A total of £1.3 million in government and industry funding has been awarded to local authorities and regional transport operators in the UK to carry out a study into the feasibility of using autonomous vehicle technology to improve local transport to different places. . This study aims to explore how autonomous vehicles can make transportation more convenient, environmentally friendly and safe.
The funding will be distributed across six projects in areas including Northumberland, Solihull, Inverness and the Isle of Skye. These projects will investigate the potential benefits of autonomous vehicle technology, such as reducing carbon emissions and increasing transportation safety.
These grants come from the Center for Connected and Autonomous Vehicles’ Connected and Automated Mobility program. Its purpose is to support local communities in using emerging transportation technologies to connect underserved areas with essential services such as employment centers, educational facilities and services. health care.
This funding is in addition to the nearly £850,000 previously awarded to four feasibility studies focusing on specific routes where self-driving cars could operate independently, with the aim of easing congestion. place
Autonomous vehicles have the potential to revolutionize public transportation, especially for people who don’t drive. They will also improve connectivity between rural communities and reduce accidents caused by human error.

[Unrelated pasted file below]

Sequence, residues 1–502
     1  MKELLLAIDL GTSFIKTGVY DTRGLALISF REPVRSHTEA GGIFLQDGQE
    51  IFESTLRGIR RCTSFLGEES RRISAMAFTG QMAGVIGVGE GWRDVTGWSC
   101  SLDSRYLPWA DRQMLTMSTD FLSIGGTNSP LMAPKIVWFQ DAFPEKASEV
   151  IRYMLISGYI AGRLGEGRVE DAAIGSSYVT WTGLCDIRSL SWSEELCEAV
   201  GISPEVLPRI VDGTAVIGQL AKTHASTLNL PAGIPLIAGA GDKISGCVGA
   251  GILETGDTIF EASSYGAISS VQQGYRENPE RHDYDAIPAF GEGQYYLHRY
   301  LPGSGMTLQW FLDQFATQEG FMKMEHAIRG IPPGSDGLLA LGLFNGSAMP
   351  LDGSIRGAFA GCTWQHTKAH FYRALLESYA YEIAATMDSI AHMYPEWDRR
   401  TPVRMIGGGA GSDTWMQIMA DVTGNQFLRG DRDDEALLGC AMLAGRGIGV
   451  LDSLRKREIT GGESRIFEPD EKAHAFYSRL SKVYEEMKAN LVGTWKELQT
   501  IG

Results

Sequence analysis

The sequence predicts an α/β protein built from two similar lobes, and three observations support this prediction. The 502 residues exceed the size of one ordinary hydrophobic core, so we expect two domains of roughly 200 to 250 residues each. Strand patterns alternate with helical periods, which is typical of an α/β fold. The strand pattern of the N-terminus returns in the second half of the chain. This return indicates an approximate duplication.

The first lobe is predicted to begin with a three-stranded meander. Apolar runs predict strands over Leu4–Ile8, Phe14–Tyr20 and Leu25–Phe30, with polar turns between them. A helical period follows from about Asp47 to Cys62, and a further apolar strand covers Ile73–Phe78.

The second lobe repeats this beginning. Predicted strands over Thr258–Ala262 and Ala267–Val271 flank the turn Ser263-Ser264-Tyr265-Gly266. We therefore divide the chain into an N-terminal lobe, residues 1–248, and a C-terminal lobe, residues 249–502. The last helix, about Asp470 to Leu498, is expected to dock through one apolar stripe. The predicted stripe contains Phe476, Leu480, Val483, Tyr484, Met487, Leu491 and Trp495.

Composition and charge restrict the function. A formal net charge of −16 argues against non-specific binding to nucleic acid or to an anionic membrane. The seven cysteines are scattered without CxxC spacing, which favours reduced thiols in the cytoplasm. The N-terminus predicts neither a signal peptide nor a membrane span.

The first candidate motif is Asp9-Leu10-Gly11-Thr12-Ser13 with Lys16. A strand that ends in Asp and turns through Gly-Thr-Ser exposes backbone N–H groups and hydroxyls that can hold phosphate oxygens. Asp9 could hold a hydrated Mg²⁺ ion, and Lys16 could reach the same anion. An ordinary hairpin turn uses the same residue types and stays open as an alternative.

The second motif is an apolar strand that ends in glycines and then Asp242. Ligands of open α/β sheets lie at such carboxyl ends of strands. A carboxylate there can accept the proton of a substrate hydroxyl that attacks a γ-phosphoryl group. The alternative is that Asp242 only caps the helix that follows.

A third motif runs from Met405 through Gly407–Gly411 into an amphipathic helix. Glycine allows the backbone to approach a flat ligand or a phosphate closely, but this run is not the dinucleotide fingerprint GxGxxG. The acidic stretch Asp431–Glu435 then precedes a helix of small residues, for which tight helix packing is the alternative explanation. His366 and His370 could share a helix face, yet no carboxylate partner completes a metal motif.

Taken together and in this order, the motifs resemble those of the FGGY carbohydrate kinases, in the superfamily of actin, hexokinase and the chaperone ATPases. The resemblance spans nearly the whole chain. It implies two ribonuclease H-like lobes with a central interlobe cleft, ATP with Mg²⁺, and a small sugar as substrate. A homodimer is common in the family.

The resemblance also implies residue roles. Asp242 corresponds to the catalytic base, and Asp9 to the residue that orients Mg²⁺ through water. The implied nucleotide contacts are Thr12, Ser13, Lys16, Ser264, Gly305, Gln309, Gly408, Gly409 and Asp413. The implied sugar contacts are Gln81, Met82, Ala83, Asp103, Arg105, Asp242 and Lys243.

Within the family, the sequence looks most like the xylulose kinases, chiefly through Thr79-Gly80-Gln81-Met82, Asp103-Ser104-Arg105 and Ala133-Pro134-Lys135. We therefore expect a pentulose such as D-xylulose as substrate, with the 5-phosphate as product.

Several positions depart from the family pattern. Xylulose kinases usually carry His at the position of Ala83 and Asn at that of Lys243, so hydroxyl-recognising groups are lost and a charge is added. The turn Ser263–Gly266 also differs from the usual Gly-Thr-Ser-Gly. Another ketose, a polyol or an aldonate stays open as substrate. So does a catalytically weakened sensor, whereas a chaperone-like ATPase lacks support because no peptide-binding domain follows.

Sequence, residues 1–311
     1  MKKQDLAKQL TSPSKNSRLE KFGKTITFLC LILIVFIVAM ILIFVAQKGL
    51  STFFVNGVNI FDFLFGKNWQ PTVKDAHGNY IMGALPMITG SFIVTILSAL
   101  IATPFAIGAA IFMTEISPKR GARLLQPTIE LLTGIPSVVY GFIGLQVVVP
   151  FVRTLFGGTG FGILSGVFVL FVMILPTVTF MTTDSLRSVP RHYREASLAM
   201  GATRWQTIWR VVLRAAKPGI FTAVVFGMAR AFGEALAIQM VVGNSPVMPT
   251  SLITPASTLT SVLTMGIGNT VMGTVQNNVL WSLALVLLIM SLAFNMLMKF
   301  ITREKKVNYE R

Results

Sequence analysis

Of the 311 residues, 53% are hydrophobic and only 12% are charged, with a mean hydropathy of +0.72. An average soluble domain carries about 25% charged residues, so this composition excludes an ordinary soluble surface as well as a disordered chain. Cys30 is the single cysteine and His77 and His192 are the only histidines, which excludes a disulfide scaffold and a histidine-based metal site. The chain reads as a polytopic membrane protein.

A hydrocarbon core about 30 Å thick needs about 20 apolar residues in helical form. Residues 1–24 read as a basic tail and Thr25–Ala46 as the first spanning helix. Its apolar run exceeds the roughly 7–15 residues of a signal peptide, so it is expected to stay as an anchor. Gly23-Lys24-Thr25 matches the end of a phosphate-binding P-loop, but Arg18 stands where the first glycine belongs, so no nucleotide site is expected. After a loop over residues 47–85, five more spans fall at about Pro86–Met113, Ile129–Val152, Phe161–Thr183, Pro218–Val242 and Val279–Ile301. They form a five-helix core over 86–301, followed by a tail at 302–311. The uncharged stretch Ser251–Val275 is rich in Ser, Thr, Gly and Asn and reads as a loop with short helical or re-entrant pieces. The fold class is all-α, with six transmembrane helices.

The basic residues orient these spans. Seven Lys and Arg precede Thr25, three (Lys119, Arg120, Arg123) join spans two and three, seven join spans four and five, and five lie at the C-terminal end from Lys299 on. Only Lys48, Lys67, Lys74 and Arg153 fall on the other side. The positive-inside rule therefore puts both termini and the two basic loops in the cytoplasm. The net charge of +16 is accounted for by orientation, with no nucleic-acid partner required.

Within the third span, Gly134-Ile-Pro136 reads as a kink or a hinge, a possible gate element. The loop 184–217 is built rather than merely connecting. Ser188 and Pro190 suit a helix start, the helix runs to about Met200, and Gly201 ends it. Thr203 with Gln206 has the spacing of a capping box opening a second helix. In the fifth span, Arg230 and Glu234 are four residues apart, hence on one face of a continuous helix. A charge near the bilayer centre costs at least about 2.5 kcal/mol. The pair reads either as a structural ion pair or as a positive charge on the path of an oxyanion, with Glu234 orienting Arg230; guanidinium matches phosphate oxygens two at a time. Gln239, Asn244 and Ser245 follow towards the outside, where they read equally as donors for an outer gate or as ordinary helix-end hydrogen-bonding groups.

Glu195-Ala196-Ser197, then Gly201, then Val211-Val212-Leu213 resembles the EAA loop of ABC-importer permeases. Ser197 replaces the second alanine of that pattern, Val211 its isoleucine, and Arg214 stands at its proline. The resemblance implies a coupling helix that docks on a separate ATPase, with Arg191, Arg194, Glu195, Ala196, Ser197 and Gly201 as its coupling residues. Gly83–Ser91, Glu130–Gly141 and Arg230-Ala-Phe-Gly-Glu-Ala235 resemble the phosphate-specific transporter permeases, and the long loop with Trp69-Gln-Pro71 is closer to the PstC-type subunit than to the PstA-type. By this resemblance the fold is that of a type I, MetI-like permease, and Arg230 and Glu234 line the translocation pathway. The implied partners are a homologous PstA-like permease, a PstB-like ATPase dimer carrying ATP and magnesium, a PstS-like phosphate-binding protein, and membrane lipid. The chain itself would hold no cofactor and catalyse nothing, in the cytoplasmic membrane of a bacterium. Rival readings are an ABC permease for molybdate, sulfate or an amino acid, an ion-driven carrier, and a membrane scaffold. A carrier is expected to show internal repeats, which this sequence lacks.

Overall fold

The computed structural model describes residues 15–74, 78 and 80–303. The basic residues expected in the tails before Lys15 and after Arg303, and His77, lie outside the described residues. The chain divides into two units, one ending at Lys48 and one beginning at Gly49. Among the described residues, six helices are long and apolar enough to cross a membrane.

Among the projects funded is the Autonomous Healthlink project in Northumberland, which will explore the possibility of an autonomous driving system connecting Seaton Delaval station to the Northumbria Specialist Emergency Care Hospital. The Blythe Rural Automated Vehicle Operations project in the West Midlands aims to study a shuttle bus service on the M42, connecting the Blythe Valley Business Park to the UK Central Centre.
In addition, the study in Inverness and the Isle of Skye will assess the commercial potential of an autonomous car service in the Scottish Highlands and Islands. The Dromos Connected and Automated System project in Bolton will investigate the feasibility of an autonomous driving system on a decommissioned railway line, connecting the Bolton Transport Interchange to the Royal Bolton Hospital. Finally, the HertsLynx and Integrated Mixed Traffic Mobility projects will study autonomous driving services in Hertfordshire.
These projects represent an important step towards realizing the full potential of autonomous vehicle technology to transform local transport and improve connectivity across different regions of the UK.